Clarkson Frederick Stanfield
Antique Prints

Since 1763 the name 'Russborough' has been synonymous with collecting and dealing in fine art. In the closing decades of the last century the historic town of Port Hope has become home to Lord Russborough's Annex, which specialises in an individual mix of antique maps, paintings and prints.

STANFIELD, Frederick Clarkson.

Painting currently available:

Inshore fishery



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1793 - 1867


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Clarkson Frederick STANFIELD

Inshore fishery close hauled near a pier

Second half of the nineteenth century

Oils on relined canvas, Period giltwood frame. 24 x 42" (61 x 116.7 cm.)
Frame 311/2 x 49"

Ref. 254 RI.385/GANN/v.anne >DLNNN

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No less than twenty vessels, including Brigs with topgallants set, may be seen together with, a low land form (possibly 'The Nore') along the horizon of this action filled painting the location probably being the Mouth of the Thames. But it is the events in the middle and foreground that lend life, action and spontaneity to the canvas.

To the right, two inshore fishing vessels (sloop and cutter rigged) their crews straining with the rigging against the stiff breeze; as does a lone oarsman in a Dinghy making slow headway in the choppy sea. In the slightly calmer water, protected by the pier, are a pair of fishing Yawls. Five fishermen go about their time honoured business, tending their nets (one of which is strung aloft), or taking in sail. One, who appears to be stringing fish for drying along a centre line, converses with his mate who is tending a dinghy which is tethered to both boats.

Seven other figures, both male & female, are seen upon the central, braced timber, pier; its massive timbers offset to reduce wave action. A warning bell, shelter hut and signal mast, may be seen. Along with good marine and other equipment detail, such as a glazed jug & fish baskets; all are painted in Clarkson Stanfield’s straightforward style and combine with a flock of gulls against a cloud filled sky to create a fine atmospheric and detailed view of an inshore fishing and pier scene.



Clarkson Frederick Stanfield RA.

Born: Sunderland, December 3 1793.
Died: Hampstead, May 18 1867.
Son of the abolitionist, actor & author James Field Stanfield.

At 15 he entered the merchant navy but was ‘pressed’ into the Royal Navy in 1812 under the alias ‘Roderick Bland’. Discharged, following a rigging accident, which left him lame, he sailed on a merchant ship to China in 1815. Upon return and being unable to find work, he took up theatre scenery painting in London & Edinburgh; whilst in the latter city he formed a life long friendship with David Roberts who was similarly employed at that time.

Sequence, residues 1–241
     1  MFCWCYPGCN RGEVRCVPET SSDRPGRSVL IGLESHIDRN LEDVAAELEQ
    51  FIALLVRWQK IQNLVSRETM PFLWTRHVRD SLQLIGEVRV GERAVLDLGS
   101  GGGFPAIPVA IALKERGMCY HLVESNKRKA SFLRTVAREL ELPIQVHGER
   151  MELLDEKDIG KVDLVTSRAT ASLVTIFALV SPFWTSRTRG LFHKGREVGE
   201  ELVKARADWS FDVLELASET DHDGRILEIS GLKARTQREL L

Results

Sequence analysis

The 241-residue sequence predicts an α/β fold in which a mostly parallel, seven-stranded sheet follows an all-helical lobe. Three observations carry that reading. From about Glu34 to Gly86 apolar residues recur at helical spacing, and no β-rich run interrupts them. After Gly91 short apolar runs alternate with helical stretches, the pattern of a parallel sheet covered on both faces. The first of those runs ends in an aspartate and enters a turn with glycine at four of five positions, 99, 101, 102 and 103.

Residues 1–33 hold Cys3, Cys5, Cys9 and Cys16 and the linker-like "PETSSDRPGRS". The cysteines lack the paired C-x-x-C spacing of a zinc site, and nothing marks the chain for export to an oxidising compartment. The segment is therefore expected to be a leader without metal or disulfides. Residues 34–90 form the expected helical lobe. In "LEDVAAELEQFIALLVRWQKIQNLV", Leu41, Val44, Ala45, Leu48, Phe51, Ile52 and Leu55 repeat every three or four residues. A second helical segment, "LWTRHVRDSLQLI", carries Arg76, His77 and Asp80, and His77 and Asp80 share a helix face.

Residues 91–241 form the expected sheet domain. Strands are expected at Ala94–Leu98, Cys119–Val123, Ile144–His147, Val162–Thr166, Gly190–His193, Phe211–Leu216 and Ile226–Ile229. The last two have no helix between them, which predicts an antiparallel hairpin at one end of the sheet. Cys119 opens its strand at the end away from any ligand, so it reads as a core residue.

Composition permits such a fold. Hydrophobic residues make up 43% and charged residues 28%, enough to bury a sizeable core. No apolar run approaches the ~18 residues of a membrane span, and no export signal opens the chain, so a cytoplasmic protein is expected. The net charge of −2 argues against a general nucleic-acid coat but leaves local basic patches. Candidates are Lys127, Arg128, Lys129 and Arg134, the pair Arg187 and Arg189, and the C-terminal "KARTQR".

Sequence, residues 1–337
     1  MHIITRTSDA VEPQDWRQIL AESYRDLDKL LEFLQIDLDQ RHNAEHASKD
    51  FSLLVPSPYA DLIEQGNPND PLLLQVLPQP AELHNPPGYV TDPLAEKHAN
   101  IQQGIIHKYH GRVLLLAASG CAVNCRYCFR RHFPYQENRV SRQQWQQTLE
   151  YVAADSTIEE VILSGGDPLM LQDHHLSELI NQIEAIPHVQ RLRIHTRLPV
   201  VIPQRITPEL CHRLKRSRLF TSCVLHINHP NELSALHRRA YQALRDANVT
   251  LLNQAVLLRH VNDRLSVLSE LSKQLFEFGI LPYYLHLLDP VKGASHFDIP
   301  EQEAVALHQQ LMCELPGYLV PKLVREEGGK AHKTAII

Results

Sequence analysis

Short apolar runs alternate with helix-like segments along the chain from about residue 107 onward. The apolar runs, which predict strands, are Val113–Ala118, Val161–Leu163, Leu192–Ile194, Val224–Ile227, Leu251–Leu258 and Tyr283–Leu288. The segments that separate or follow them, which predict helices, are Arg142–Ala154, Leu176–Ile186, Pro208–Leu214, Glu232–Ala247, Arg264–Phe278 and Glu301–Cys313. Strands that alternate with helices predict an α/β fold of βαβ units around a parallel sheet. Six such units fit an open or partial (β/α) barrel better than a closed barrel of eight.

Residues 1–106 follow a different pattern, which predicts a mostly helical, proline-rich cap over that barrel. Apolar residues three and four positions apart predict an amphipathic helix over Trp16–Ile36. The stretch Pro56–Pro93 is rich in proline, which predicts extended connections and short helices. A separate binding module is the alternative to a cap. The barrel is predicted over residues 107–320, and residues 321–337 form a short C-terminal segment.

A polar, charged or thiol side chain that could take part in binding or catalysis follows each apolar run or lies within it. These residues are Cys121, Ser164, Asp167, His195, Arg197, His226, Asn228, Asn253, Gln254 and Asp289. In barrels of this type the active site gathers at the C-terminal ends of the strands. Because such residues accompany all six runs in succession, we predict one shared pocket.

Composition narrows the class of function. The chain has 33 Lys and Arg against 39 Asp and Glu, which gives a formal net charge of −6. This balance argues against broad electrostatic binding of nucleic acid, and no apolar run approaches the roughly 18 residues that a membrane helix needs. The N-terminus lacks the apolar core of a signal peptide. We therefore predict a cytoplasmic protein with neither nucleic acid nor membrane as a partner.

In London he met the 24 year old, Charles Dickens, whilst creating scenery for his private theatricals at Tavistock House, they also formed an enduring friendship. Indeed, Dickens was one of Stanfield’s last visitors on the day of his death.

His first wife, Mary, gave him two children and following her death in 1821 his second, Rebecca, gave him 10. Their second son George Clarkson Stanfield (1828-1878) also became a successful painter.

Graduating from scenery painting, Clarkson Stanfield concentrated on marine, coastal and river subjects of which he had much first hand experience, having filled numerous sketchbooks whilst on board ship.

By 1820 he was being recognized as a painter having great promise. he later became known as ‘the English Van De Velde’. He was a founding member of Society of British Artists - Suffolk Street (1823) becoming its President in 1829, the same year he began to exhibit in the Royal Academy.

He was elected an Associate in 1832, and RA. member 1835, he continued to exhibit there and the British Institute until 1867. He was commissioned by King William IV to paint the Opening of the New London Bridge (1831), Portsmouth Harbour and the Battle of Trafalgar (1863) the latter still in the possession of the United Services Club Pall Mall, also HMS. Victory with the Body of Nelson on Board being towed into Gibraltar (1805) are among his best known works, many of which were engraved.

In later life he was known as a slightly portly, jolly man who lived and loved life to the full, despite the pain to his foot resulting from the accident with an anchor. He was considered a good humoured listener and excellent company, provided the subject of religion was avoided. The sudden death of David Roberts affected him greatly and brought sadness to his closing years whence he remained secluded but busy.


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